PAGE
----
The Guide to Choosing Your First Comic Book
Self-identified literary snobs often thumb their noses at comic books — I should know, because I used to be one of them. I viewed illustrated stories as a lesser form of storytelling... until I cracked Neil Gaiman's wildly popular Sandman chronicles.
I did everything I could to avoid it at first — and Gaiman had plenty of other more traditional novels to occupy my fancy. But like a bad penny, The Sandman continued to turn up. So, after shelving the Dostoevsky tome I had been toting around in my purse, I picked up The Absolute Sandman: Volume 1 and, checking my preconceived notions of the comic book genre at the door, I dove in. Fifty-two issues later, I have yet to come up for air.
Saturday marks Free Comic Book Day, so now's the time to take full advantage of the illuminating wonders that this oft-belittled medium has to offer. Graphic novels aren't merely “picture books,” but immersive and discursive storytelling experiences, many of which are the cerebral equivalent to conventionally accepted works of literature. The final product is an assortment of visual and intellectual experiences that are expertly crafted to artistic perfection. (And if I can be convinced, anyone can.)
That kind of challenging reading experience is kind of your bag, yeah? So, you're in. But how in Zod’s name you’re going to figure out where to start? Bam: How to choose your first graphic novel adventure:
If you like: feminism, smashing the patriarchy, railing against heteronormativity in modern culture
Why you'll enjoy it: You want your comic book to reflect the reality of the world around you? These works are your cup of tea.
We've already freaked out quite a lot over the enormously significant announcement of a new Ms. Marvel series, written by G. Willow Wilson and starring Kamala Khan, a Pakistani-American teenage girl from New Jersey. I mean, how often do get a refreshingly positive portrayal of someone from New Jersey?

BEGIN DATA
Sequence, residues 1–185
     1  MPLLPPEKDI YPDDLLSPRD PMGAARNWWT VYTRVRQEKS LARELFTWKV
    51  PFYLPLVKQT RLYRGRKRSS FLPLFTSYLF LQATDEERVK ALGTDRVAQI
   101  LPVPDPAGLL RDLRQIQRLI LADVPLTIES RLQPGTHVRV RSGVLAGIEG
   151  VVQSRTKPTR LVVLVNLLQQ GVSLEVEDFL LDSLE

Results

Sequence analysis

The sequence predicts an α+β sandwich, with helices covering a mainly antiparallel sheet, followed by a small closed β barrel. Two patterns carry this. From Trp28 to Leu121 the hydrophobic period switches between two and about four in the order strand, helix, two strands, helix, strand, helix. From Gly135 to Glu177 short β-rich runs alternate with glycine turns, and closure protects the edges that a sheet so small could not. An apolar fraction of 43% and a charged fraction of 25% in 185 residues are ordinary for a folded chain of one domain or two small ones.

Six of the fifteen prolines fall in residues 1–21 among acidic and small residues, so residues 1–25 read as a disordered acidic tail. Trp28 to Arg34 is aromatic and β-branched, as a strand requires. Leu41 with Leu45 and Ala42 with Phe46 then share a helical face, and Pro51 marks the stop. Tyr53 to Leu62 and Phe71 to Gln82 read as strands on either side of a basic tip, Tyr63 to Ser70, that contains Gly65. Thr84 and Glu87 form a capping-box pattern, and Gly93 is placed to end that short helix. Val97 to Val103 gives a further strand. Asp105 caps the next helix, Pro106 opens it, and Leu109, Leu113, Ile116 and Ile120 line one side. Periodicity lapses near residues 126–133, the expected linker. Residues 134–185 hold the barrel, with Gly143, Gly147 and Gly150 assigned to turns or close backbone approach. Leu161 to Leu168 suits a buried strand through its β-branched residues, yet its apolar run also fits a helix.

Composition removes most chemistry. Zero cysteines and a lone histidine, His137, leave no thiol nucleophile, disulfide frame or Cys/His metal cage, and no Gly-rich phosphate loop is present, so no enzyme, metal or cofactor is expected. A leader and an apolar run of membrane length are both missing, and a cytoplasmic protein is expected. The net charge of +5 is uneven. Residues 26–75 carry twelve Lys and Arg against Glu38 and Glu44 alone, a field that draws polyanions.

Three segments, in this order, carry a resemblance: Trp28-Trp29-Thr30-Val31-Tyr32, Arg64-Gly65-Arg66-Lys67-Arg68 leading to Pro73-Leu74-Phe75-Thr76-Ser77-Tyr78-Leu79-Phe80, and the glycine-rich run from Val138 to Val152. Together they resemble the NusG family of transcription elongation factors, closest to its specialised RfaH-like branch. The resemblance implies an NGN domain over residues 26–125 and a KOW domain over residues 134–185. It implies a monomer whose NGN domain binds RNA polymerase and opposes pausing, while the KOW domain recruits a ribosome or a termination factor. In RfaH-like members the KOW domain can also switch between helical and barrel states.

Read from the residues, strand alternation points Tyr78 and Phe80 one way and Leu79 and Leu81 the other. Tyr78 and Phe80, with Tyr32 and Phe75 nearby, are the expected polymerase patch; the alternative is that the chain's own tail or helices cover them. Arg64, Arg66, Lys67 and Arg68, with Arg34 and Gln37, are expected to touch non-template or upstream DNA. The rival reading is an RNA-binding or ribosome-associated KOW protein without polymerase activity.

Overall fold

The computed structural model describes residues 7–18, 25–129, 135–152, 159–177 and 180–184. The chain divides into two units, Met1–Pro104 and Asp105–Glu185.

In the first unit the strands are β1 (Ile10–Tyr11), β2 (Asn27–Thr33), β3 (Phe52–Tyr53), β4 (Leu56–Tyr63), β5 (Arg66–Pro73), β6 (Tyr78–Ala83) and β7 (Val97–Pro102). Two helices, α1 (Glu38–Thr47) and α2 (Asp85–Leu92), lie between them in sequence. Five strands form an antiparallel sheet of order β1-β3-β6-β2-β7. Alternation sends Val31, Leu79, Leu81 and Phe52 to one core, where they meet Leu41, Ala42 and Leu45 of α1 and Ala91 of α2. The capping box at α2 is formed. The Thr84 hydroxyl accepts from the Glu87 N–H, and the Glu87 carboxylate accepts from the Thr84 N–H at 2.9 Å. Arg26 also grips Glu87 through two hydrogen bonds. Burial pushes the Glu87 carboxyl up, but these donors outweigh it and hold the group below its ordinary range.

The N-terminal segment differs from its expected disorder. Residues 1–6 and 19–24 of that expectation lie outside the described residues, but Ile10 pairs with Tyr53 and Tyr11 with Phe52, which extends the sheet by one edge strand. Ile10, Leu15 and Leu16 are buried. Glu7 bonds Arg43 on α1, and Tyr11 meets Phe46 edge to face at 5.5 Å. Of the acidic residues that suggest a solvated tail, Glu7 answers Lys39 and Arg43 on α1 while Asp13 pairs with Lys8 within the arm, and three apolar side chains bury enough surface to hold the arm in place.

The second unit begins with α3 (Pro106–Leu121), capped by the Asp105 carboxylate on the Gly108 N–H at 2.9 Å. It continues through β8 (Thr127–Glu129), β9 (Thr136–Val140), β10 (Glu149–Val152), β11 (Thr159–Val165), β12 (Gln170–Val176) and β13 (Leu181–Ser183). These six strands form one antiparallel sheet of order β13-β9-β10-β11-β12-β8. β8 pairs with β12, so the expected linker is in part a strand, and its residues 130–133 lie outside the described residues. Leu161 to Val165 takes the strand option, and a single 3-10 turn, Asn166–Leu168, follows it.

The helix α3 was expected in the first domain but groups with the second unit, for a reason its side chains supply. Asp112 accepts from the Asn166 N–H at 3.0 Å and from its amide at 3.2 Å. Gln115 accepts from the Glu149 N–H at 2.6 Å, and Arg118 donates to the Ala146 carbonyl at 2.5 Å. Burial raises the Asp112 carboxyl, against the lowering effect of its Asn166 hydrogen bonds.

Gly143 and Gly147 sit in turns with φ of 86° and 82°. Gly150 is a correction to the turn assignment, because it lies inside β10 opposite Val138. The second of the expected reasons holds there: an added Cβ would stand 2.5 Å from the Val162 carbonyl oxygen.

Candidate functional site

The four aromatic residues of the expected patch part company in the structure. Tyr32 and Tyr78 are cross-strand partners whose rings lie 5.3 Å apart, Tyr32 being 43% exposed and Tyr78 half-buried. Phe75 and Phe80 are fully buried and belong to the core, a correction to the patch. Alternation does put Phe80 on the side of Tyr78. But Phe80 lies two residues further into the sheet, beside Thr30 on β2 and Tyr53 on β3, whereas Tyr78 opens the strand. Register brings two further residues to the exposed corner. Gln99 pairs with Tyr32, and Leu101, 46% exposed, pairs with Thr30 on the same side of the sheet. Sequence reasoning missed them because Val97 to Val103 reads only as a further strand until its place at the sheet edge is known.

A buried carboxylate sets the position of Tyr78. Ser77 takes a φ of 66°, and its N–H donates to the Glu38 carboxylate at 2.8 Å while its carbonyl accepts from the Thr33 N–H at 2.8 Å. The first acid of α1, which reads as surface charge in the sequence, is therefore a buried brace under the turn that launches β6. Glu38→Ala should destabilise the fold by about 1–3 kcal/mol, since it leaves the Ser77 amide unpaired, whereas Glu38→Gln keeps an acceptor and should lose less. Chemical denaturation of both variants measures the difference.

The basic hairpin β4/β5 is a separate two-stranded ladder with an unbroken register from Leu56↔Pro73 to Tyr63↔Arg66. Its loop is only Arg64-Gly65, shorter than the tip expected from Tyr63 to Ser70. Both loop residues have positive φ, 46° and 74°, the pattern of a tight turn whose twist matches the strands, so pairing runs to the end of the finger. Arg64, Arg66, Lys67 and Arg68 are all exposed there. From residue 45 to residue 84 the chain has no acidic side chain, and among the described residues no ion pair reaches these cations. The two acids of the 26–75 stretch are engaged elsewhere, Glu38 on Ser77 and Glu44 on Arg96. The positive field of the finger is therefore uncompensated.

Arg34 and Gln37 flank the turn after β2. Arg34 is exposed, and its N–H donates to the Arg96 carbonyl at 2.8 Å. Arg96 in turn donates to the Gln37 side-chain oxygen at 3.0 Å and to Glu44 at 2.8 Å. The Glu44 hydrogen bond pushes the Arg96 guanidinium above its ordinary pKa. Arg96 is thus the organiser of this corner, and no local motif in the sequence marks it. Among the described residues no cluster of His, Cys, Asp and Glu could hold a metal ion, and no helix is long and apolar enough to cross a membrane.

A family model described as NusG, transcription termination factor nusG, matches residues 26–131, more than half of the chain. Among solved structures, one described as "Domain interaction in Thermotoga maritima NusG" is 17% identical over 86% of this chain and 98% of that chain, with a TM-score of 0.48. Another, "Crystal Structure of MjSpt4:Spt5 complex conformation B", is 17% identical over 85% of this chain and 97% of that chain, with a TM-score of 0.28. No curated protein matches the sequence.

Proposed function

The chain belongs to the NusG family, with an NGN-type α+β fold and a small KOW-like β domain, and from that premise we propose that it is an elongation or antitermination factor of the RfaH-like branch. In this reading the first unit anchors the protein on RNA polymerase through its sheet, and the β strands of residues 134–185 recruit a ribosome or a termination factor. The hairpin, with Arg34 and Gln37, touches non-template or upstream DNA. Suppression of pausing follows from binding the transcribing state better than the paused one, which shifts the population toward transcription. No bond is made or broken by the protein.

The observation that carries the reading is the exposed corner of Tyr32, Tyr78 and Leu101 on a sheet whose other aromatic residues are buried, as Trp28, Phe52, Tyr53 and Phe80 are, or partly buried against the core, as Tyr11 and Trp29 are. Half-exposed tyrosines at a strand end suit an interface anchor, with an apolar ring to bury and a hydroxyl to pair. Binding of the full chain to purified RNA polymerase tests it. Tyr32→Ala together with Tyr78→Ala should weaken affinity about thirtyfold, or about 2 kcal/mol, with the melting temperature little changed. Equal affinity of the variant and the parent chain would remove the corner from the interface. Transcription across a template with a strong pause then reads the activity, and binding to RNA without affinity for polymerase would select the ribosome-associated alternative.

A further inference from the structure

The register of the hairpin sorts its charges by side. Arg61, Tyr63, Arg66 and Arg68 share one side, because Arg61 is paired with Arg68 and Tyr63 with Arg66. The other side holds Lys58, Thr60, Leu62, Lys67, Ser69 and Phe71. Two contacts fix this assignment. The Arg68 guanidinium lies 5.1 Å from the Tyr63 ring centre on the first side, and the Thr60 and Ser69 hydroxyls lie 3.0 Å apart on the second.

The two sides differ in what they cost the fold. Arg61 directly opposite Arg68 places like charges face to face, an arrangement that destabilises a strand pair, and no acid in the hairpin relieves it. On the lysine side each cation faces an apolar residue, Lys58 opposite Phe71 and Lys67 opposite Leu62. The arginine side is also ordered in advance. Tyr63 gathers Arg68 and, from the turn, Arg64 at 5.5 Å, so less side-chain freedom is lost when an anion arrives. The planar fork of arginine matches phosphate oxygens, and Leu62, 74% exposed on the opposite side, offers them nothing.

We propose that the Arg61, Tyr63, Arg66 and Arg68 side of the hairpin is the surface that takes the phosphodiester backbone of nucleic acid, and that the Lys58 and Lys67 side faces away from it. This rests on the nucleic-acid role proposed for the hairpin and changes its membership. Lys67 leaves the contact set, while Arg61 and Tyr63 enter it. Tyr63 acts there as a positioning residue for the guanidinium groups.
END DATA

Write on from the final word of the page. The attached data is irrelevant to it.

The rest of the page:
In all seriousness, Ms. Marvel sets the groundwork for an exhilarating new age in the conventionally machismo Marvelverse of superhero comics, one that more democratically examines race and gender representation. This is one bandwagon you’ll want to hitch onto ASAP.
You’ve heard of the Bechdel Test, but have you read The Rule, the 1985 comic from which the test received its name? Now, you can. And you should.
While you’re at it, you can sift through the entirety of cartoonist Alison Bechdel’s Dykes to Watch Out For series, which follows the lives, loves, and losses of a group of lesbians, making its mark as one of the earliest and most important portrayals of gay women in modern American culture. Originally syndicated in various newspapers as standalone comic strips, The Essential Dykes to Watch Out For gathers selections from 11 Dykes volumes and 60 of the newest strips.
If you like: epic, mythological explorations of the fundamental human condition